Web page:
The fact that Airbus has had execution problems with A380 (and have executed a CEO over them) doesn't mean that this platform was a strategic error. The jury is still out on that. The A380 will succeed. It will take longer than expected, but you'll be flying on that plane someday, even if they were wrong about the strategy, because the Europeans won't let them fail. On the other hand, if they are right, then you can expect Boeing's commercial division to become a considerably smaller company.

I think carriers with a realistic business model such as Southwest will be profitable in the long run, barring any 9/11 events. The legacy carriers are dead in the water. But there is money to be made. I'm sure Howard Hughes would agree.

Spot on about capital investment. I would like to see a jumbo (300+ passengers) supersonic plane for Pacific flights, but you are talking $25B+ in R&D. That's just staggering.

To get off a plane with 837 passengers on it ?
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"Those who expect to reap the blessings of freedom must, like men, undergo the fatigue of supporting it."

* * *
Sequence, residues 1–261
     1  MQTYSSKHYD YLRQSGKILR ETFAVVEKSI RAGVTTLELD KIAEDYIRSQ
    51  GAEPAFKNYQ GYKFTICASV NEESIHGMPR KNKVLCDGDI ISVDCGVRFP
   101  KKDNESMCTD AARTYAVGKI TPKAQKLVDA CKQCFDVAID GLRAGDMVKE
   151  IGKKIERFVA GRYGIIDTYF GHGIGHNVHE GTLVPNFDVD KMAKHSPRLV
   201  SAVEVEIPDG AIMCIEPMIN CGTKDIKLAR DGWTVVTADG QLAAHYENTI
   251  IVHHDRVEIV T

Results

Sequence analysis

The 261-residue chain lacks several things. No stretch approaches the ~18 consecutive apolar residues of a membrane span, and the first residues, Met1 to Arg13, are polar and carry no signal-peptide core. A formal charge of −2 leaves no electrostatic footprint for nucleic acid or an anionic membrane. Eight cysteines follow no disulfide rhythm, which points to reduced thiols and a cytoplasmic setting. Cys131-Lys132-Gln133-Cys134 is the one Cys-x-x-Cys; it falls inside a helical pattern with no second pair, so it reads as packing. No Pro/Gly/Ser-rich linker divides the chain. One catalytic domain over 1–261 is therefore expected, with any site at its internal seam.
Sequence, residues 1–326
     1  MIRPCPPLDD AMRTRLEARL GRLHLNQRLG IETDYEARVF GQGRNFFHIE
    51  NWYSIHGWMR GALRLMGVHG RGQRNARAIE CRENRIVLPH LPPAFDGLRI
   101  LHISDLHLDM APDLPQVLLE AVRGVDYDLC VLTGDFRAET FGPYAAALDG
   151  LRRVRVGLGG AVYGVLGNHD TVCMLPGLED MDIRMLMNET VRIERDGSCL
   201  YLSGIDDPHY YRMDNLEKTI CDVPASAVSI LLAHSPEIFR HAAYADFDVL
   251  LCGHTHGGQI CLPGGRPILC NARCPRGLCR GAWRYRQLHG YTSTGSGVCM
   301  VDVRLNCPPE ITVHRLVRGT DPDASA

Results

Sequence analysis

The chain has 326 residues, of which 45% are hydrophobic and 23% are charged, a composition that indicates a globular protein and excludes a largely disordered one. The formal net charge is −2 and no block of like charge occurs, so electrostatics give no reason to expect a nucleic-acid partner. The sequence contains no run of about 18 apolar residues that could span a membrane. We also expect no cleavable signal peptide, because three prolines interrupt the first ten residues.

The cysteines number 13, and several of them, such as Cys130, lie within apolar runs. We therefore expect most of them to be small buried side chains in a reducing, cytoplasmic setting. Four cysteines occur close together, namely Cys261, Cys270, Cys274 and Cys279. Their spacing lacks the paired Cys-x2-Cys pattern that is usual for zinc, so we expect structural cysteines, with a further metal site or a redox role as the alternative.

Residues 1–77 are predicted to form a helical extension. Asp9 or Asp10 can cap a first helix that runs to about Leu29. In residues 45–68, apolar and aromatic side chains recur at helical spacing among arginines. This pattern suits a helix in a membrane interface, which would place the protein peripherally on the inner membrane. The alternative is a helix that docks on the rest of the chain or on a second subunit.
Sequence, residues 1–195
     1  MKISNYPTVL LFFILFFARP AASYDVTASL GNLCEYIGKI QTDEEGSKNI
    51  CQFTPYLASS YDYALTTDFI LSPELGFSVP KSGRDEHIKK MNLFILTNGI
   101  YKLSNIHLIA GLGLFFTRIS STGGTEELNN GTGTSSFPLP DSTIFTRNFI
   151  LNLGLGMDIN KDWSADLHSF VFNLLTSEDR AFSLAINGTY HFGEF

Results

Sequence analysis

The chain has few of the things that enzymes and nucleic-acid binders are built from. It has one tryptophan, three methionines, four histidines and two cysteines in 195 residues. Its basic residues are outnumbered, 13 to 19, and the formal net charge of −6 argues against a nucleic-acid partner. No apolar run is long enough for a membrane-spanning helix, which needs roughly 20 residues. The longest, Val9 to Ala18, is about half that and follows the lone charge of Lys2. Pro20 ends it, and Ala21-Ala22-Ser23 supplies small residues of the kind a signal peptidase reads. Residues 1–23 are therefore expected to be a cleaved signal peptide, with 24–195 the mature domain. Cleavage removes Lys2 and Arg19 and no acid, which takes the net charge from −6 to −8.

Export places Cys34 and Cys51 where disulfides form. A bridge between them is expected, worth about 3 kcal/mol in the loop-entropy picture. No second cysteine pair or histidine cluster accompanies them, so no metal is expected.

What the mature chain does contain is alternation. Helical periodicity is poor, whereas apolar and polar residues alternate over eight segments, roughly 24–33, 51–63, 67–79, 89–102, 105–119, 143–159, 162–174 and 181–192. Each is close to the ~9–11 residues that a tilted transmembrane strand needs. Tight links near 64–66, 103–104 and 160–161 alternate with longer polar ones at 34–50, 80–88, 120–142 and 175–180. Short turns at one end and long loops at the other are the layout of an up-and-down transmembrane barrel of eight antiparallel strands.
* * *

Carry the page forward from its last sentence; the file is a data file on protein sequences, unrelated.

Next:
-Thomas Paine: The American Crisis, No. 4, 1777

I'm curious about that. But honestly, when booking Orbitz or whatever, how many people look at the aircraft type? And eventually, on heavy traveled long hauls like New York-London, the A380 might be the only choice.

...so I could be completely wrong. But I don't see how the four-engine A380 can compete on the medium-range NY-London route with the twinjets that are used now. My guess is that the A380 is best suited for the trans-Pacific and East Asia markets. (Not so coincidentally, this is the region that is expected to have the most growth in air travel in coming decades.) Again, I could be completely wrong.

the economics of it. There must be some efficiencies that come from carrying 600+ per plane as opposed to 200 on a major route such as NY-London, even with the higher fuel per passenger per mile ratings of the 787. The twinjets will still own a Cincy-Denver route and the like.